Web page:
How to teach young children to keep their bodies safe from unwanted touch, or worse.
by Susie E. Caron © 1/11/15
Our young children, ages 0-9 years, need to know how to protect their bodies, and souls, from unwanted touching or worse. It’s difficult for parents to talk about this sensitive issue with very young children. However, a parent's worst nightmare may be avoided, when little children are taught these two lessons, as early in life as possible.
Tickle Game. Ages 0-5 years
This is a game you play with toddlers, preschoolers and very young children.
The next time you are tickling your child, while they are giggling, they will naturally say something like,
"No.” “Stop." or "Don't."
This is a perfect teaching moment. You want your child to learn that he/she has the final say over what happens to his/her body. This is what you do:
As soon as the child utters anything like "No”, “Stop”, or Don’t", you immediately pull away, jump back and put your hands up in the air and speaking excitedly say this,
"Oh, I have to stop! You don't want me to tickle you anymore?
If you want me to stop, I have to stop because your body belongs to you."
When your child indicates he/she wants you to continue, start tickling again and when the stopping words show up, immediately throw your hands away from the child, stand up and repeat.
"Remember, your body belongs to you and only you can say when you want tickled or not.
When you both have finished playing, give them a hug and tell them to remember,
“You own your body and nobody is allowed to tickle or touch you when you say stop.”
The Bathing Suit Places Chat. 3 – 9 years+
Watch for an opportunity to talk with your child about who can see them undressed, and who is allowed to touch them and under what circumstances. The object is to teach that nobody can touch them in their Bathing Suit places, unless you say it's okay.
Here’s what you do:
When you are bathing, drying, helping kids to change clothes, or get into or out of their bathing suits, simply ask these three questions.
1. “Is it okay for anyone to touch you in your bathing suit places?” This will seem strange so as your child looks to you for the ‘correct’ answer begin to quietly shake your head, ”No”. You can add here that it’s okay for Mommy, Daddy, the doctor sometimes, just to keep you healthy, etc.(Keep the list of people extremely restricted.)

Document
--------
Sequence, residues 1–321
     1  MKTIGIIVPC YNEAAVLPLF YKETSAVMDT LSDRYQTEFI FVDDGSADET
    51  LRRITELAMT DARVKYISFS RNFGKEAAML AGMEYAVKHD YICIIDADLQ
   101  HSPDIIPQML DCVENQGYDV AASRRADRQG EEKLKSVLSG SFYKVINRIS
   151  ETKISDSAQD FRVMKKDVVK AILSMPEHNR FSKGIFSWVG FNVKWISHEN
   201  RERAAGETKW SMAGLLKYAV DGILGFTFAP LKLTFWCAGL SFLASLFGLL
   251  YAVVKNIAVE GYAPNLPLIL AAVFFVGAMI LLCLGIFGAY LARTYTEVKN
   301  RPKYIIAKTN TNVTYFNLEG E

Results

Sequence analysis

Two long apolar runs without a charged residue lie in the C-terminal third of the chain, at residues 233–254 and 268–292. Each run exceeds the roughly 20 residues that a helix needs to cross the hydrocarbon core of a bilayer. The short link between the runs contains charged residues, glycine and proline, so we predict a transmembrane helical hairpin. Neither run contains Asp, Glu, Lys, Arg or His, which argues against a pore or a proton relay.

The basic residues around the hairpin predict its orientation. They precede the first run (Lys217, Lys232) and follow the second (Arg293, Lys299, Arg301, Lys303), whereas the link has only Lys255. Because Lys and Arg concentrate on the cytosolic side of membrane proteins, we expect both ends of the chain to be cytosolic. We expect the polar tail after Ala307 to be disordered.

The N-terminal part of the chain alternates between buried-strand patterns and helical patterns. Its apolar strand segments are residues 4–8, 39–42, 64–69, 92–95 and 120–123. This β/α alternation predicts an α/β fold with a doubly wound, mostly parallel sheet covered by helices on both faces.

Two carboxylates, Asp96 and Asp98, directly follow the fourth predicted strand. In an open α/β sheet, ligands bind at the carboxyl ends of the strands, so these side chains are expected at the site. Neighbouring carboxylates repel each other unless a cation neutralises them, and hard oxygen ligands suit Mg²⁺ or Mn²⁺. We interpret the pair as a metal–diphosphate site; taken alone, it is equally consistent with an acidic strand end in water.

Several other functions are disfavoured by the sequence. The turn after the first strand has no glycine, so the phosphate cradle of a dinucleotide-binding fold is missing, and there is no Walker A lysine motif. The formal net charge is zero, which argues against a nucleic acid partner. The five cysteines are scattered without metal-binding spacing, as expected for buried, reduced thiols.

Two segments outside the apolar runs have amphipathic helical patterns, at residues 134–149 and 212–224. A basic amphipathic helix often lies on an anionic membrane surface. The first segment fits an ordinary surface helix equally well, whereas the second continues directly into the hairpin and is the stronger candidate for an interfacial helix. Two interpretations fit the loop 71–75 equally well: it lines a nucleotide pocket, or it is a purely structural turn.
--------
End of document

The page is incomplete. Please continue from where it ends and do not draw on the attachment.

2. Next ask: “Is okay for anyone to ask you to touch them in their bathing suit places?” Be prepared, because children really don’t know the answer. Begin to shake your head, “No,” and say “No, it isn’t okay for anyone to ask you to touch them in their bathing suit places. I know you wouldn’t do that either.”
3. Finally, ask, "Is it okay for you to touch yourself anywhere on your own body?" If your child hesitates, just offer the answer “Yes,” and ask, “Do you know why it’s okay for you to touch yourself? It’s because your body belongs to you!” (Note, I like to poke at my face and arms while making funny faces when I say this. It makes them laugh and keeps the conversation G rated.)
What you are doing is firmly establishing in their minds and through speaking in their own words that it isn’t okay for anyone to touch them or to touch someone else in their bathing suit places. However, because they own their own body, it is okay for them to touch themselves.
Don’t keep talking about this for more than the time it takes to dry off your child after a swim. For the lesson to sink in, you have to carry it off quickly and gently without showing signs of anxiety about the subject. Finally, gently say, “If anyone bothers you by wanting to touch you or asking you to touch them in their bathing suit places, come tell me as soon as you see me. I want to always keep you safe.” Then give your child a hug and let them go play.
I hope this information helps you to speak with your kids about body safety. Ultimately, I hope arming them with information like this will also help them to stay safe.
Please share this article with your friends and comment below to tell me what you think about keeping kids safe.
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Susie E. Caron
Susie E. Caron
These are from my former life with many current memories and helps for parents.
I retired from teaching, became a psychotherapist treating children and families and an author. After retiring I became a full time artist.
I recently reopened this parenting blog because I believe wisdom is to be shared.
Author of Chidren's Books,
Christian, Wife, & Mother, I want to help you build parent-child relationships, 1 blog, & books at a time.
When I'm not busy creating articles or paintings, you might find me looking for dark chocolate or playing with my Boxer, Josie.
These articles are for educational and self-help purposes only and are not intended as psychotherapy.
If you experience unusual symptoms or discomfort please see your medical or mental health practitioner.
No patent liability is assumed for use of the information contained. The author disclaims any responsibility for loss or risk for use or application of this material.
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Blog Reviews & Thank You!
July 13 at 7:17pm ·
Just wanted to say that I love your posts about the different ways to connect/relate/understand your child. It has given me a new approach towards understanding my daughter and allowing HER to tell me how she feels instead of me suggesting to her how she should feel. Thanks Susie!